The coccyx, or tailbone, is the remnant of a lost tail. All mammals have a tail at some point in their development; in humans, it is present for a period of 4 weeks, during stages 14 to 22 of human embryogenesis. This tail is most prominent in human embryos 31–35 days old. The tailbone, located at the end of the spine, has lost its original function in assisting balance and mobility, though it still serves some secondary functions, such as being an attachment point for muscles, which explains why it has not degraded further. The coccyx serves as an attachment site for tendons, ligaments, and muscles. It also functions as an insertion point of some of the muscles of the pelvic floor. In rare cases, congenital defect results in a short tail-like structure being present at birth. Twenty-three cases of human babies born with such a structure have been reported in the medical literature since 1884. In rare cases such as these, the spine and skull were determined to be entirely normal. The only abnormality was that of a tail approximately twelve centimeters long. These tails were able to be surgically removed, and the individuals have resumed normal lives.
Wisdom teeth are vestigial third molars that human ancestors used to help in grinding down plant tissue. The common postulation is that the skulls of human ancestors had larger jaws with more teeth, which were possibly used to help chew down foliage to compensate for a lack of ability to efficiently digest the cellulose that makes up a plant cell wall. As human diets changed, smaller jaws were naturally selected, yet the third molars, or “wisdom teeth”, still commonly develop in human mouths. Currently, wisdom teeth have become useless and even harmful to the extent where surgical procedures are often performed to remove them.
Agenesis (failure to develop) of wisdom teeth in human populations ranges from zero in Tasmanian Aboriginals to nearly 100% in indigenous Mexicans. The difference is related to the PAX9 gene (and perhaps other genes).
In some animals, the vomeronasal organ (VNO) is part of a second, completely separate sense of smell, known as the accessory olfactory system. Many studies have been performed to find if there is an actual presence of a VNO in adult human beings. Trotier et al. estimated that around 92% of their subjects who had not had septal surgery had at least one intact VNO. Kjaer and Fisher Hansen, on the other hand, stated that the VNO structure disappeared during fetal development as it does for some primates. However, Smith and Bhatnagar (2000) asserted that Kjaer and Fisher Hansen simply missed the structure in older fetuses. Won (2000) found evidence of a VNO in 13 of his 22 cadavers (59.1%) and in 22 of his 78 living patients (28.2%). Given these findings, some scientists have argued that there is a VNO in adult human beings. However, most investigators have sought to identify the opening of the vomeronasal organ in humans, rather than identify the tubular epithelial structure itself. Thus it has been argued that such studies, employing macroscopic observational methods, have sometimes missed or even misidentified the vomeronasal organ.
Among studies that use microanatomical methods, there is no reported evidence that human beings have active sensory neurons like those in working vomeronasal systems of other animals. Furthermore, there is no evidence to date that suggests there are nerve and axon connections between any existing sensory receptor cells that may be in the adult human VNO and the brain. Likewise, there is no evidence for any accessory olfactory bulb in adult human beings, and the key genes involved in VNO function in other mammals have become pseudogenes in human beings. Therefore, while the presence of a structure in adult human beings is debated, a review of the scientific literature by Tristram Wyatt concluded, “most in the field … are sceptical about the likelihood of a functional VNO in adult human beings on current evidence.”
The ears of a macaque monkey and most other monkeys have far more developed muscles than those of humans, and therefore have the capability to move their ears to better hear potential threats. Humans and other primates such as the orangutan and chimpanzee however have ear muscles that are minimally developed and non-functional, yet still large enough to be identifiable. A muscle attached to the ear that cannot move the ear, for whatever reason, can no longer be said to have any biological function. In humans there is variability in these muscles, such that some people are able to move their ears in various directions, and it can be possible for others to gain such movement by repeated trials. In such primates, the inability to move the ear is compensated mainly by the ability to turn the head on a horizontal plane, an ability which is not common to most monkeys—a function once provided by one structure is now replaced by another.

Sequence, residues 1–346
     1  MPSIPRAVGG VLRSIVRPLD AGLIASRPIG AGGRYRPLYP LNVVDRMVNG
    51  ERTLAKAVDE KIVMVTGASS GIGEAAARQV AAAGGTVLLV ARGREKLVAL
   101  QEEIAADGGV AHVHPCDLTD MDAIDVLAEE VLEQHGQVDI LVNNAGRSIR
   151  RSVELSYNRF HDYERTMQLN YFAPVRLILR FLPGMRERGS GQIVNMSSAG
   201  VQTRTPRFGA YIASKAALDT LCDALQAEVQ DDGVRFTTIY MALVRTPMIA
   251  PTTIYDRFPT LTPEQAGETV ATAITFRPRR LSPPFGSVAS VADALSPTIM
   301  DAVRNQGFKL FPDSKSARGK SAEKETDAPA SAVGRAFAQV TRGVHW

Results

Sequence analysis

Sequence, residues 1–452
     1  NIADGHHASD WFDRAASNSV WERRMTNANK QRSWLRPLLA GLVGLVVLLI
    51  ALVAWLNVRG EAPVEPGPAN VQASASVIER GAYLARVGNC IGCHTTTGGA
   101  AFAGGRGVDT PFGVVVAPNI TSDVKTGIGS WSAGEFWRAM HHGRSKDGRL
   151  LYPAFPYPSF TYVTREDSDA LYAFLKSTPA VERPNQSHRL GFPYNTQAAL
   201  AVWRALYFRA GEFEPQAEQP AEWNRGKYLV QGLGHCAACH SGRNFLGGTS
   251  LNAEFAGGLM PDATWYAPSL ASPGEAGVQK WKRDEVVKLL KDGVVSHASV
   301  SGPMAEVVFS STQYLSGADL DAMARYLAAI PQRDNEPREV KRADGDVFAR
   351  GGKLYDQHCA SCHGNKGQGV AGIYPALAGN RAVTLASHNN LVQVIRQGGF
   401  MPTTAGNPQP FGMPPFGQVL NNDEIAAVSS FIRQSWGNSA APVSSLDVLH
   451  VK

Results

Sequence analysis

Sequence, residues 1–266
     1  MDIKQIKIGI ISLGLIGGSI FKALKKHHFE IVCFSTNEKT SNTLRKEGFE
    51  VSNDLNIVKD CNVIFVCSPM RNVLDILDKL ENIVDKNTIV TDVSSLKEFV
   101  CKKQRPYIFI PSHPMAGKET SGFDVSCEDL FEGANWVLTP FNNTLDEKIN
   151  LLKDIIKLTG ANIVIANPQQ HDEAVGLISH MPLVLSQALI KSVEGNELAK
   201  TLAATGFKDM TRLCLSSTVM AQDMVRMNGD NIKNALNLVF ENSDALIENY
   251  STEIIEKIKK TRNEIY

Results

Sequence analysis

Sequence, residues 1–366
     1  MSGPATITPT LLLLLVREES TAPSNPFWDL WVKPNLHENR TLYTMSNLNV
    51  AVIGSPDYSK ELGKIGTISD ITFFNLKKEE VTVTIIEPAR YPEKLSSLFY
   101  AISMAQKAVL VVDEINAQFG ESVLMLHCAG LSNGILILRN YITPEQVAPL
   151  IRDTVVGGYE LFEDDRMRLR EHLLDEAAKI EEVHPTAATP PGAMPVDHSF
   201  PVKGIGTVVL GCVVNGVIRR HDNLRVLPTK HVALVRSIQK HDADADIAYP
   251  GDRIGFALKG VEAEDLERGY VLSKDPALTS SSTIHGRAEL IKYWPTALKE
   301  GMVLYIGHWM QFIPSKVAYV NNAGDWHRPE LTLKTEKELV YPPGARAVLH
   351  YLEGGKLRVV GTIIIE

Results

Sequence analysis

The outer structure of the ear also shows some vestigial features, such as the node or point on the helix of the ear known as Darwin’s tubercle which is found in around 10% of the population.
The plica semilunaris is a small fold of tissue on the inside corner of the eye. It is the vestigial remnant of the nictitating membrane, an organ that is fully functional in some other species of mammals. Its associated muscles are also vestigial. Only one species of primate, the Calabar angwantibo, is known to have a functioning nictitating membrane.
The orbitalis muscle is a vestigial or rudimentary nonstriated muscle (smooth muscle) of the eye that crosses from the infraorbital groove and sphenomaxillary fissure and is intimately united with the periosteum of the orbit. It was described by Johannes Peter Müller and is often called Müller’s muscle. The muscle forms an important part of the lateral orbital wall in some animals, but in humans it is not known to have any significant function.
In the internal genitalia of each human sex, there are some residual organs of mesonephric and paramesonephric ducts during embryonic development:
- Gartner’s duct
- Vesicular appendages of epoophoron
Human vestigial structures also include leftover embryological remnants that once served a function during development, such as the belly button, and analogous structures between biological sexes. For example, men are also born with two nipples, which are not known to serve a function compared to women. In regards to genitourinary development, both internal and external genitalia of male and female fetuses have the ability to fully or partially form their analogous phenotype of the opposite biological sex if exposed to a lack/overabundance of androgens or the SRY gene during fetal development. Examples of vestigial remnants of genitourinary development include the hymen, which is a membrane that surrounds or partially covers the external vaginal opening that derives from the sinus tubercle during fetal development and is homologous to the male seminal colliculus. Some researchers have hypothesized that the persistence of the hymen may be to provide temporary protection from infection, as it separates the vaginal lumen from the urogenital sinus cavity during development. Other examples include the glans penis and the clitoris, the labia minora and the ventral penis, and the ovarian follicles and the seminiferous tubules.